Wife of Canadian Detained in China Calls for Release on the Eve of Trial | News from Canada


Michael Kovrig’s wife tells CBC News that she hopes Canada, the United States and China can find a diplomatic solution to his release.

The wife of Michael Kovrig, one of two Canadians detained in China for more than two years on espionage charges, renewed her calls for the couple’s immediate release on the eve of Kovrig’s trial in a Chinese court.

In an interview with CBC News on Sunday, Vina Nadjibulla urged Canada, the United States and China to find a diplomatic solution that would lead to the release of Kovrig, a former diplomat and businessman Michael Spavor.

“Those who have the power to end this unjust and arbitrary detention must, I believe, do everything possible to do so,” Nadjibulla said.

“What will really make a difference for Michael and for Michael Spavor now is concerted diplomatic efforts and efforts by the three governments to find a way forward. It has gone on for too long. It doesn’t help anyone.

Ottawa and Washington officials view couple’s case as retaliation for Canada’s 2018 arrest of Huawei executive Meng Wanzhou on an extradition warrant from the United States, where she is wanted for fraud.

The situation led to a deterioration in diplomatic relations between Canada and China, which dismissed accusations that it detained Spavor and Kovrig in response to Meng’s arrest.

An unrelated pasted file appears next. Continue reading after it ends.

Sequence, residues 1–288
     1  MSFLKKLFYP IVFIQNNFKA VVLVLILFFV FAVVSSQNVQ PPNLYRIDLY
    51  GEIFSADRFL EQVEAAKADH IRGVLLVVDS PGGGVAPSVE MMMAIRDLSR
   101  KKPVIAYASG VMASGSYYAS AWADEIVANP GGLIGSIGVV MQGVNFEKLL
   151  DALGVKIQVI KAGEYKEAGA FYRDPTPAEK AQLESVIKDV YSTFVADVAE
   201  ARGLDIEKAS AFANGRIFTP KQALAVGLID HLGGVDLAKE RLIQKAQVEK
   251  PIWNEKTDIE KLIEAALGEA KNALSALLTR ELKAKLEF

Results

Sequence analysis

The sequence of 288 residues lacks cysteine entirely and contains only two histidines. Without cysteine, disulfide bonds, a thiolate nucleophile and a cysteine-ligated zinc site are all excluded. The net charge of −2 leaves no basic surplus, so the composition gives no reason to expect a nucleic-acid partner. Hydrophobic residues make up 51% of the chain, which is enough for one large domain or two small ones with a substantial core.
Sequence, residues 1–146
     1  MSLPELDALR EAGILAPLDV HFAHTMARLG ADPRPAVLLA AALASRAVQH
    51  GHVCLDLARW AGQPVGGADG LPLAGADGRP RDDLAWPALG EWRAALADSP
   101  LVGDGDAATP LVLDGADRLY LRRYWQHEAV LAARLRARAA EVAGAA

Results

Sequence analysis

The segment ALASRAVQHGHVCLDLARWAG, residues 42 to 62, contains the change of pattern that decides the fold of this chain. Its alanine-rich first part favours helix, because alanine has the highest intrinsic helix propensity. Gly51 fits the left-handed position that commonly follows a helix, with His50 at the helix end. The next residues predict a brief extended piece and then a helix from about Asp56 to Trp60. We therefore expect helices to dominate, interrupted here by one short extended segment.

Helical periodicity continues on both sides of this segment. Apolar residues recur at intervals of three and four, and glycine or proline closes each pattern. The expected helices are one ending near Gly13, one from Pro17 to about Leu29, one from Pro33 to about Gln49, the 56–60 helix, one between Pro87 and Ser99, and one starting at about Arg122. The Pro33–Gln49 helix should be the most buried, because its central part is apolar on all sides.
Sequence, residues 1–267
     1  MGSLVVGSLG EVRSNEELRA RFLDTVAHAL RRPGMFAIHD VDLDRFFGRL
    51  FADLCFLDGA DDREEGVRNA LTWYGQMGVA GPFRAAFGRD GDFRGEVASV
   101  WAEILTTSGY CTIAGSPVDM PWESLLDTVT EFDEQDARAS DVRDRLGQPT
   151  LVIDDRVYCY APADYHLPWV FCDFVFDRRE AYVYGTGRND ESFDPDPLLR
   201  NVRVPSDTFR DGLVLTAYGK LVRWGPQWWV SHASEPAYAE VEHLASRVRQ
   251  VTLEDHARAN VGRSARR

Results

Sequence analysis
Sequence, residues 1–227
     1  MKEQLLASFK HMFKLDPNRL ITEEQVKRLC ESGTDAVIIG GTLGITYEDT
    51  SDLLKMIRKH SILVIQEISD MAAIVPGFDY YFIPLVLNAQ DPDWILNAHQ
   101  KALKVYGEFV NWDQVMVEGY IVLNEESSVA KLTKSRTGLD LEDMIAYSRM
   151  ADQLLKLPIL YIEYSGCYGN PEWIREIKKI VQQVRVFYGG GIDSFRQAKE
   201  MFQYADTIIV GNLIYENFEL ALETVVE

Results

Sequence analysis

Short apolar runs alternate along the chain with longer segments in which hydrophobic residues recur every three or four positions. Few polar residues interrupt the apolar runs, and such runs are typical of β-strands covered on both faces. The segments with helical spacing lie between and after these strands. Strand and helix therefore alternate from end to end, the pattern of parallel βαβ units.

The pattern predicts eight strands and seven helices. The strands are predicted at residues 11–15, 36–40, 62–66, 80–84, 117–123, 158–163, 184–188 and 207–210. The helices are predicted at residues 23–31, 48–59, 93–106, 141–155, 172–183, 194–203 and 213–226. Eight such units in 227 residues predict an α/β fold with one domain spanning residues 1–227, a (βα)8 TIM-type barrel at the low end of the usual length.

Meng, chief financial officer of Huawei, has denied any wrongdoing and is fight the US extradition request in a Canadian court.

Meanwhile, Spavor and his lawyer appeared during a hearing on Friday, the Dandong Intermediate People’s Court said in a statement posted on its website. The court will later set a date to deliver a verdict, he said.

Jim Nickel, charge d’affaires of the Embassy of Canada in China, had denounced a lack of transparency and consular access, diplomats not being allowed to participate in the hearing.

Canada’s Foreign Office said on Sunday that Canadian diplomats could not attend Kovrig’s hearing on Monday, Global News reported.

In a statement, Spavor’s family called for the unconditional release of the two men.

“Michael is just an ordinary Canadian businessman who has done extraordinary things to build constructive ties between Canada, China and the Democratic People’s Republic of Korea,” they said.

“He loved living and working in China and would never have done anything to offend the interests of China or the Chinese people.”

The International Crisis Group, where Kovrig had worked as a senior advisor for Asia, also last week urged Chinese authorities to release him.

Protesters in Vancouver, Canada demand the release of Michael Spavor, left, and Michael Kovrig, in March 2019 [File: Lindsey Wasson/Reuters]

“From the time he was arrested, the political nature of his case has been clear,” ICG Acting Chairman Richard Atwood said in a statement.

“What is happening in the Chinese legal system does not change that. After 830 days of imprisonment, Michael should be released immediately so that he can return home to his relatives. “

Canadian Prime Minister Justin Trudeau has made the release of Kovrig and Spavor a priority for his government, appealing to US President Joe Biden, whose administration has promised to take a “difficult approach” in China.

“Human beings don’t trade chips… We’re going to work together until we get them back safely,” Biden said on February 23 after meeting Trudeau.

The Biden administration’s relationship with Beijing got off to a rocky start last week, as U.S. and Chinese officials met for their first high-level in-person talks since Biden took office. The two sides exchanged beards and reprimands during the two-day meeting in Alaska.





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